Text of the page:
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THE MONAYER FAMILY: THREE VIDEOS BY DOR GUEZShare

FOR IMMEDIATE RELEASE

Press Contacts: Anne Scher/Alex Wittenberg, 212.423.3271, pressoffice@thejm.org

VIDEO EXHIBITION
THE MONAYER FAMILY: THREE VIDEOS BY DOR GUEZ,
AT THE JEWISH MUSEUM


New York, NY - The Jewish Museum will present The Monayer Family: Three Videos by Dor Guez from March 14 through September 7, 2010 in the Museum’s Barbara and E. Robert Goodkind Media Center. In this series of portraits, Guez offers perspectives on ethnic identity, citizenship, and prejudice from different generations of the Monayers, a Christian Arab family in Israel. Originally from the multiethnic, multifaith city of Lod - called al-Lydd by the Palestinians - family members in the videos include: Jacob, the patriarch who recounts the expulsion of the Arab citizens of the city of Lod after the 1948 war; his son Sami, who describes growing up among Jews as an Israeli citizen while simultaneously claiming a Palestinian identity; and Jacob’s granddaughter Samira, who recounts her experience of prejudice as she is mistaken for being Jewish. Counted among 125,000 Christian Arabs in Israel, the Monayers consider themselves a minority within a minority with respect to the Muslim population. To further complicate matters, Guez is from a mixed Jewish and Christian Arab family..

When asked to define his identity, Guez responded in an online interview, “I have been dealing with this for years, and the truth is that I’m not sure I’m looking for an answer. It depends on the place, time, and context. What does it mean to label oneself? My ID says I’m Jewish. Is this my main reference? . . . I have the right to choose and the right to decide, as well as the right to re-examine what those definitions say about me.”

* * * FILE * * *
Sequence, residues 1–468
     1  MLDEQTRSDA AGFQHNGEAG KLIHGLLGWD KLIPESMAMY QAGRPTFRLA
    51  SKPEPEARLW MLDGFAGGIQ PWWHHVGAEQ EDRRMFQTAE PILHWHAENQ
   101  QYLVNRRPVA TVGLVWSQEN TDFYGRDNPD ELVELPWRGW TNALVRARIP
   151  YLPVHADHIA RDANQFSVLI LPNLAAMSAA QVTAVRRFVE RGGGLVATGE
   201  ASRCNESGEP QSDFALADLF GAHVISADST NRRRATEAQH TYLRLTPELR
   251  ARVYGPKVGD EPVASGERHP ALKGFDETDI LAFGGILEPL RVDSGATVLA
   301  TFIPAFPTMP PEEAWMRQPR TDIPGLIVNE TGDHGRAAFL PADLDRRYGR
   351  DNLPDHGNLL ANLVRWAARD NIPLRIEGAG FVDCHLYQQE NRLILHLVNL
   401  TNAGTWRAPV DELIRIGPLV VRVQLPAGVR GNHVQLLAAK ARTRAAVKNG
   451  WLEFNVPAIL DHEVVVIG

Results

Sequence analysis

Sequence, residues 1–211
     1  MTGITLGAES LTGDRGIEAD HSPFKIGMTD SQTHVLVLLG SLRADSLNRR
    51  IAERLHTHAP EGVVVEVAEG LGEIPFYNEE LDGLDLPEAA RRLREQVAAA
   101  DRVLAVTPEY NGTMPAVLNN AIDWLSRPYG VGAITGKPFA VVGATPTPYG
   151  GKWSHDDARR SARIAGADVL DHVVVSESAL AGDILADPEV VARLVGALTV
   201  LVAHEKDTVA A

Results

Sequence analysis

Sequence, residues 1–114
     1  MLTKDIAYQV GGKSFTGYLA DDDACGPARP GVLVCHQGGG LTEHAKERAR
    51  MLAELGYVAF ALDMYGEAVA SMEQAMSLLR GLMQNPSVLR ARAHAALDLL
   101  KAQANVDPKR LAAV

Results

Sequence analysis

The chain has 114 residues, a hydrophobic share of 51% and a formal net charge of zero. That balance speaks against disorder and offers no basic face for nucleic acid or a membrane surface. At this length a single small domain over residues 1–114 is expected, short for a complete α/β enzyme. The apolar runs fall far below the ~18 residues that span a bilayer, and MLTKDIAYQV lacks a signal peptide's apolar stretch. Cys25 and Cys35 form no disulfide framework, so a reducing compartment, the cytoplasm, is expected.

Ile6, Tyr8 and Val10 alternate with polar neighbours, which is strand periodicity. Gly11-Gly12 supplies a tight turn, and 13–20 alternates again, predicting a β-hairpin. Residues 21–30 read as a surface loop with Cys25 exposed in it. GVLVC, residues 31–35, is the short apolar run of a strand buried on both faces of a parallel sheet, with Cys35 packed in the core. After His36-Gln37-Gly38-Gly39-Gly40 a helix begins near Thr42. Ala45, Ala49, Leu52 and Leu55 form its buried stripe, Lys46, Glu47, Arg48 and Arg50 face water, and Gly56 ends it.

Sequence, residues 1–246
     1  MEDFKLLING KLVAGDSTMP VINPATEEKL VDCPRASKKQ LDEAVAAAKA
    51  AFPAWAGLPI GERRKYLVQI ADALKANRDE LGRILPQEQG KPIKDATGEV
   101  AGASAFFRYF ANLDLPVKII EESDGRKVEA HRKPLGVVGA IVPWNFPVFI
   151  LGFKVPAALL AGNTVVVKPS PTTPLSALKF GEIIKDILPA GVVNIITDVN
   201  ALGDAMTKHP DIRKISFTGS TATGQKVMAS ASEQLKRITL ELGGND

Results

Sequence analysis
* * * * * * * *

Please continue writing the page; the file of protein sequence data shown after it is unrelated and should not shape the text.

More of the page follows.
The title of the first video, July 13 (2008-09, 13 min., 18 sec.), refers to the date in 1948 which the Israeli army entered the city of Lod. Jacob Monayer describes the city’s occupation, the plundering of possessions and homes, and the establishment of the Lod ghetto for those who remained. The video includes footage of Jacob posing at St. George’s Church, where many Christian Arabs hid during the war in 1948, and of the artist dutifully decorating his grandparents’ Christmas tree.

Dor Guez will present a special gallery talk at The Jewish Museum on Monday, June 7 at 1 pm. This artist’s gallery talk is free with Museum admission. Reservations are not required.

The title of Subaru-Mercedes (2008-09, 8 min., 10 sec.) serves as a metaphor for Arab Christian identity, a hybrid of Arab/Eastern (Subaru) and Israeli/Western (Mercedes) cultures. While Sami Monayer attempts to articulate his multiple nationalities, his wife and children interject their opinions and interrupt his narrative from off screen. Like Sami’s sense of self, the scene is chaotic and contradictory.

In (Sa)Mira (2008-09, 13 min. 40 sec.), Guez’s cousin recalls an incident at a Jerusalem restaurant where she works part-time while pursuing a degree in psychology at Hebrew University. Samira, who possesses a European appearance and flawlessly accented Hebrew, received complaints from Jewish customers who were offended that she did not reveal that she is an Arab. Her manager asked her to refrain from signing her checks with her given name. Filmed in multiple takes, the repetition of Samira’s narrative ultimately leads her to confront racism in Israeli society.